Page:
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What Are The Worst Countries In The World For Christians?

News Image By Adam Eliyahu Berkowitz/Israel 365 News January 23, 2023
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A recent report ranking countries oppressing Christians gave North Korea the worst score ever recorded. In addition, every country in the Middle East is listed as persecuting Christians, except for Israel.

Open Doors,  a non-denominational mission supporting persecuted Christians around the world, published its annual World Watch List of the 50 worst countries ranked by the severity of persecution faced by active Christians. At the top of the list was North Korea with a persecution score of 98/100, the  "highest a country has ever received in World Watch List research".

Estimates of the number of Christians living in North Korea range from 13,000 to 400,000. It is difficult to determine as the current regime classifies religious activities as political crimes. 

"If discovered by the authorities, believers are either sent to labor camps as political prisoners where the conditions are atrocious, or killed on the spot - and their families will share their fate as well," Open Doors stated on its site. "Christians have absolutely no freedom. It is almost impossible for believers to gather or meet to worship. Those who dare to meet must do so in utmost secrecy - and at enormous risk. Even owning a Bible is a serious crime and will be severely punished.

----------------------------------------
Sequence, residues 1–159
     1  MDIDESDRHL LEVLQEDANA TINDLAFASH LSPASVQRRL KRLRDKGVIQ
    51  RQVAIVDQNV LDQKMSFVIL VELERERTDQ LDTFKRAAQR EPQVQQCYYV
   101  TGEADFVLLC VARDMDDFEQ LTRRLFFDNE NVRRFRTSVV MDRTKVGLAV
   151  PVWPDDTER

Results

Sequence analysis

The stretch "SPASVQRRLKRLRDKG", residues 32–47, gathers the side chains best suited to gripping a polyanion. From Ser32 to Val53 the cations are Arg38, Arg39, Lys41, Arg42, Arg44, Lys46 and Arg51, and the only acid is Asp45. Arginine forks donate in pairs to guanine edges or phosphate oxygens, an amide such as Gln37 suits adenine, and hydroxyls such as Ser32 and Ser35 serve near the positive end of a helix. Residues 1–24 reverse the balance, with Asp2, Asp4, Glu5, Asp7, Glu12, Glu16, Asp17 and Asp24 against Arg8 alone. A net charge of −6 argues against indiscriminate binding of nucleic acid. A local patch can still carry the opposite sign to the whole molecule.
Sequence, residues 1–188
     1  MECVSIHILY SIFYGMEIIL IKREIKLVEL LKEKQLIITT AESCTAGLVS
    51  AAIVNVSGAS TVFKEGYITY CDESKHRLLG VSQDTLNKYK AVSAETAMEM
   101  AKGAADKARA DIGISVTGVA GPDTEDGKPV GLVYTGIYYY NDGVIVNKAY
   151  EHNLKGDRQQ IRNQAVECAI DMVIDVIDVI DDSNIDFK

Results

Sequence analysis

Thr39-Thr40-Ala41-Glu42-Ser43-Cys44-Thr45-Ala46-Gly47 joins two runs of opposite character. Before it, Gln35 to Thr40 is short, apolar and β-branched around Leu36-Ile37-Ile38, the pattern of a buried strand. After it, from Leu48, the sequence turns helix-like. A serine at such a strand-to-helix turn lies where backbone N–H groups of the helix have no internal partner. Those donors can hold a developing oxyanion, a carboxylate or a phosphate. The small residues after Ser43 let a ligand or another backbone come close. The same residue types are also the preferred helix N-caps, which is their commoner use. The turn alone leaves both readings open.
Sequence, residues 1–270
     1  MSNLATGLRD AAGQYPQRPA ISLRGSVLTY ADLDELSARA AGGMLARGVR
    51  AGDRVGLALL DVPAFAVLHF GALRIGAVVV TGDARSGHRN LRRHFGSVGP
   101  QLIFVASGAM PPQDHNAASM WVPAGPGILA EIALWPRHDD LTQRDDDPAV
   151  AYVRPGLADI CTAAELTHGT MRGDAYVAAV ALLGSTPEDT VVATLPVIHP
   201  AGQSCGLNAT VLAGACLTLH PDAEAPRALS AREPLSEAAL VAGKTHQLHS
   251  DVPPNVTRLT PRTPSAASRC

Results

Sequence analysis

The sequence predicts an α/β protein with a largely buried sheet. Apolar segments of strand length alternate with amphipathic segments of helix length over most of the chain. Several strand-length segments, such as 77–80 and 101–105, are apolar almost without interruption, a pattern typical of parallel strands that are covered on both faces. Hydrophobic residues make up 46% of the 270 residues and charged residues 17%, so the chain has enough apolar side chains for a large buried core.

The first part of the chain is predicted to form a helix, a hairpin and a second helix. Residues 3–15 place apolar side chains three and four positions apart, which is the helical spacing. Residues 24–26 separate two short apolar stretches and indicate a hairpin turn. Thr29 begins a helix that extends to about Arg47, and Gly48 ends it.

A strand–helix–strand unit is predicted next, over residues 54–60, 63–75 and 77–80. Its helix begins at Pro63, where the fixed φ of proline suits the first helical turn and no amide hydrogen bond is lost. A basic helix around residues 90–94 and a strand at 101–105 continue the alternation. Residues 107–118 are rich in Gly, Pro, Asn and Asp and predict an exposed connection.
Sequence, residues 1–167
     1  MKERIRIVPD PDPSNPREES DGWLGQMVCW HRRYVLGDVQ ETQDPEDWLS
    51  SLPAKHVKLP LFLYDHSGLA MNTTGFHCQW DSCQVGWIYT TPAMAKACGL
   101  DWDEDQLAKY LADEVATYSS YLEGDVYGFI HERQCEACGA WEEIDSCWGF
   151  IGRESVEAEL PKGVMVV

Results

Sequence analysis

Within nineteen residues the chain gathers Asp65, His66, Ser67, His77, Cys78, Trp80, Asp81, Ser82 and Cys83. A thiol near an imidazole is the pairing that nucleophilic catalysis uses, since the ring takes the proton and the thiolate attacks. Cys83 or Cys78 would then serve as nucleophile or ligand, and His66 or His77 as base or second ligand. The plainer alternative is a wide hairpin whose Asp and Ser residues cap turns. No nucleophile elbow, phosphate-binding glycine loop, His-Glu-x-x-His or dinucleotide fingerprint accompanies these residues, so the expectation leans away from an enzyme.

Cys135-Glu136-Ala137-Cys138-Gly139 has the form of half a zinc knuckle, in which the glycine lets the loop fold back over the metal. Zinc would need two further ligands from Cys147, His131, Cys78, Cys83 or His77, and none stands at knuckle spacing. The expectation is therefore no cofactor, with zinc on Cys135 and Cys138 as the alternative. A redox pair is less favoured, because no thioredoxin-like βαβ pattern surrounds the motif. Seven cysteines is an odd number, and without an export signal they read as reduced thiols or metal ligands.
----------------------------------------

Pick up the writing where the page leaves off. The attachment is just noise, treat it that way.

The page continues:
As there is no official definition of persecution, Open Doors defines it as the denial of the rights listed in Article 18 of the Universal Declaration of Human Rights as described by the United Nations:

"Everyone has the right to freedom of thought, conscience and religion; this right includes freedom to change his religion or belief, and freedom, either alone or in community with others and in public or private, to manifest his religion or belief in teaching, practice, worship and observance."

Open Doors estimates that 50,000-70,000 Christians are held in North Korean prison camps. Christian Solidarity Worldwide, a humanitarian organization, reported numerous accounts of people being sent to prison camps and subjected to torture and inhuman treatment because of their faith. The family members of reported Christians are also said to be targeted, including children.

In one horrifying incident that Open Doors heard about from reliable sources, several dozen North Korean believers from different underground churches were discovered and executed. More than 100 members of their families were said to have been rounded up and sent to labor camps.

According to AsiaNews, during Kim Il-sung's administration, all non-foreign Catholic priests were executed, and Protestant leaders who did not renounce their faith were purged as "American spies." From 1949 to the mid-1950s, under the rule of Kim Il-sung, all churches were closed.